Aside from the obvious emotional benefits–it’s hard not to feel a little like a jet fighter pilot when driving a car with a heads-up display–heads-up displays are a great example of technology making driving safer. Instead of looking at physical gauges and center stack-mounted GPS screens, drivers can look straight out the windshield and instantly know information like Bluetooth phone caller ID, GPS directions, and speed/time/temperature. Future iterations (like Audi’s next-generation MMI Touch) will use greater swaths of the windshield and augmented reality to point arrows at the exact street you need to turn onto, or highlight your exact destination.
BMW iDrive (Physical Controls)
By the middle of the last decade, BMW’s iDrive looked like an absolute disaster–it was driving customers away from cars like the 7 Series and frustrating nearly every critic who touched it. Many years (and a few updates) later, iDrive is the veteran system in a world of upstarts (like Cadillac’s CUE), and it shows: where whiz-bang tech features like capacitive touchscreens stutter and falter (and in CUE’s case, smudge with oily fingerprints), iDrive’s physical controller (skinnier and less clunky in its second generation) moves through menus with relative ease. iDrive’s coup de grace over similar systems like Audi’s MMI and Mercedes-Benz’s Comand is its layered menu approach–where a tilt of the controller to the left or right shifts between menus–and its array of shortcut buttons flanking the controller. In comparison, Audi’s MMI makes users rely on soft keys and the back button, and Mercedes-Benz’s Comand forces drivers to push the controller up or down–a clumsier motion to perform while driving.
OnStar (Live Operators/Cloud-based POI Databases)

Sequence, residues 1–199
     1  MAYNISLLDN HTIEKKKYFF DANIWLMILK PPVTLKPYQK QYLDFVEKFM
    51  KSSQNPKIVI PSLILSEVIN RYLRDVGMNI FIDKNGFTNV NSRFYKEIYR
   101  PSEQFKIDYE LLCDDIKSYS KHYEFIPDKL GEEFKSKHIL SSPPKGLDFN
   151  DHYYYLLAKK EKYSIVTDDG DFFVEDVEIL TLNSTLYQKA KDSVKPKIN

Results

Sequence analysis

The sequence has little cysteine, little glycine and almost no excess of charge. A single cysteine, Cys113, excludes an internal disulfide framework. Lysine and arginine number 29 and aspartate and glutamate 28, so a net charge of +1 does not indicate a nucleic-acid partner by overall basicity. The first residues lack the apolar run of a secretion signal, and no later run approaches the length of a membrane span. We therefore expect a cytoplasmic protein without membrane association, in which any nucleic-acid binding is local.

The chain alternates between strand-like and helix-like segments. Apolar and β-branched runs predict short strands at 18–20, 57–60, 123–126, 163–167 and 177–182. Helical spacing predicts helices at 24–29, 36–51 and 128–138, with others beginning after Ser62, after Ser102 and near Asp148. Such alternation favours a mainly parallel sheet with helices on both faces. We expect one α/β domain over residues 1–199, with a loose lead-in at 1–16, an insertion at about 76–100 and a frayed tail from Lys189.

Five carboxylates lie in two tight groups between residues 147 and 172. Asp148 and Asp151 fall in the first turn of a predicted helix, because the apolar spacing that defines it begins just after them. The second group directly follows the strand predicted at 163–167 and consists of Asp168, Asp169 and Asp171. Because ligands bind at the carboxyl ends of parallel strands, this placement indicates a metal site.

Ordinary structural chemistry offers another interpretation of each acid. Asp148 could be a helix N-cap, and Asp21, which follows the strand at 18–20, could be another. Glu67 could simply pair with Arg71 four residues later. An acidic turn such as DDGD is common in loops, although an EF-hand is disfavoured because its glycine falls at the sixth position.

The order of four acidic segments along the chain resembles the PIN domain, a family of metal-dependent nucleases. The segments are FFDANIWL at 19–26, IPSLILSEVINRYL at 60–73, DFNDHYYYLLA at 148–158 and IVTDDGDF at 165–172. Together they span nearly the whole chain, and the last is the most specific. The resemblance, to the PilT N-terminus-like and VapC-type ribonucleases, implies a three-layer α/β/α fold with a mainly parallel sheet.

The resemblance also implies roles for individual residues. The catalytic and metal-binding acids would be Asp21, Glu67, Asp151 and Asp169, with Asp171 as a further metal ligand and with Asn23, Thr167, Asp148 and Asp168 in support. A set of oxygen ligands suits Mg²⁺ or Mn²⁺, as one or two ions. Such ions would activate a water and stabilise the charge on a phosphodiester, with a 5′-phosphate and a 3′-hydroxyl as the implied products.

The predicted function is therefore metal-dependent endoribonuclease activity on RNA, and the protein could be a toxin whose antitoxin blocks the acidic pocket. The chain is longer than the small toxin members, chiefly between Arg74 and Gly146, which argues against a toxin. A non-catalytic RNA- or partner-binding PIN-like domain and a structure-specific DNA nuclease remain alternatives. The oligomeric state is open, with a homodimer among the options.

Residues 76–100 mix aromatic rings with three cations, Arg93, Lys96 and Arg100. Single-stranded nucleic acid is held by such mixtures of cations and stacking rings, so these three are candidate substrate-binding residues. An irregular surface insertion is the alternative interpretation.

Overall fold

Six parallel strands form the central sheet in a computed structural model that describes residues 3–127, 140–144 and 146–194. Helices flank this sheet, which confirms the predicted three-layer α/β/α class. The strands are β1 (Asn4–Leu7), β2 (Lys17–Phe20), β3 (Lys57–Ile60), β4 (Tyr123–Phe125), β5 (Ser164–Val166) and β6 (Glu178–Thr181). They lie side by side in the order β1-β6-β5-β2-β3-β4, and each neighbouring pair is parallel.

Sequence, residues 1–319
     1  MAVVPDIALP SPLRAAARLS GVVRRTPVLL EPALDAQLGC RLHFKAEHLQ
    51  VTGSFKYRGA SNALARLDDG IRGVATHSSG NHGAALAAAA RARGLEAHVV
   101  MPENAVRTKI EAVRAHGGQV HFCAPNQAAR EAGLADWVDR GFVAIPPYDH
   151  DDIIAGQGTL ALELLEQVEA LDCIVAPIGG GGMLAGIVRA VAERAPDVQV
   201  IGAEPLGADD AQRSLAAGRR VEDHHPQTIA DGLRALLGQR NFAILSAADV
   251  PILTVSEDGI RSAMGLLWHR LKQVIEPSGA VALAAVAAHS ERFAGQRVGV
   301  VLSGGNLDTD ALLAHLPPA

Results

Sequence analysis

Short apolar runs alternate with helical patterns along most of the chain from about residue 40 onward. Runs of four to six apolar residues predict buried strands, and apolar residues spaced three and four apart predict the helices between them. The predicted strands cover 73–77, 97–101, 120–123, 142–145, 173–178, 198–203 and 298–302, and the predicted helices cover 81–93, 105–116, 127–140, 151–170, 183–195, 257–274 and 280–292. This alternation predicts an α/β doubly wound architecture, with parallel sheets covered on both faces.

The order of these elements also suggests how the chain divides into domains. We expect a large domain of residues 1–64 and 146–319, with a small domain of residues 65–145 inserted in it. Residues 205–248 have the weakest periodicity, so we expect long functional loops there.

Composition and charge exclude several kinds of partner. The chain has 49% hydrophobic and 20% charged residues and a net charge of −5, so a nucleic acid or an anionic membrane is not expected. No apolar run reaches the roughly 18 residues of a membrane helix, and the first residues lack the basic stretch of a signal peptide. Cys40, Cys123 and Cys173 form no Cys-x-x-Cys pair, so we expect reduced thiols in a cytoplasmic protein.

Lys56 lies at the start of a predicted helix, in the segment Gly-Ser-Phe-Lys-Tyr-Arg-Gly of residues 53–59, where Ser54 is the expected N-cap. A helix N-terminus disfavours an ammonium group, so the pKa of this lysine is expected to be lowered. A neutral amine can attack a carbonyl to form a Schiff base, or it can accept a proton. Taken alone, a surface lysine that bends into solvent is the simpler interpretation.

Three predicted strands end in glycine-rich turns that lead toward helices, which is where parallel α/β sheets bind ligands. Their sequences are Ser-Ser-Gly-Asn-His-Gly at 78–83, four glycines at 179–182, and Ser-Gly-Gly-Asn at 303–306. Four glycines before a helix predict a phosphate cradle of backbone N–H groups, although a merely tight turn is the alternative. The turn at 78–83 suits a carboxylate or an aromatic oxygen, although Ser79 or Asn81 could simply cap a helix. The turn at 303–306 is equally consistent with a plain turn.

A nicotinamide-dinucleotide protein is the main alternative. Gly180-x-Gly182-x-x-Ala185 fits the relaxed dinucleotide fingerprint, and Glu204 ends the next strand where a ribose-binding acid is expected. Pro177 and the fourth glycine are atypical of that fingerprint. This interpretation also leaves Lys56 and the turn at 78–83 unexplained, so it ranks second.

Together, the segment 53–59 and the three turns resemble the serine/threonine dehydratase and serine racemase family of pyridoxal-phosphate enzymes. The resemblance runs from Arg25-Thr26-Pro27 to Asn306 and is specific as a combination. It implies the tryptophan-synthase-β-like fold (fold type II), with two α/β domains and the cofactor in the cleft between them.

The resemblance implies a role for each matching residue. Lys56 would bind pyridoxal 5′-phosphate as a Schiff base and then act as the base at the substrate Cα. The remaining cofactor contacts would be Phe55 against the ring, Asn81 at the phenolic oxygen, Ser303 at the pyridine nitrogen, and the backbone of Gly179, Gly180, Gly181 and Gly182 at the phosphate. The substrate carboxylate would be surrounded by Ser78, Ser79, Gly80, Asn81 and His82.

A restaurant’s name, location, and phone number might only take up a few bytes of data, but there are thousands of restaurants, grocery stores, dry cleaners, and auto mechanics in this country, and they’re frequently changing names/places. On-board navigation systems might try their best with Point of Interest databases, storing them on Secure Digital cards and hard drives, but the fact of the matter is this: a 2010 model-year car–and its POI database–isn’t going to know about the new Costco around the corner from you. Furthermore, many POI databases aren’t accurate for businesses with less than a handful of locations. Enter services like OnStar and BlueLink, which connect drivers (and their cars’ Nav systems) to vast online databases that are constantly updated. While we credit services like Google and Bing Maps and Hyundai’s BlueLink system (which are automated), we reserve a special shout-out for OnStar. The service may not be cheap–$28.90 a month, included in some GM leases–but it’s well worth it for its immensely helpful reps and its ability to turn any new GM car into a nav-equipped one, regardless of what’s in your dashboard.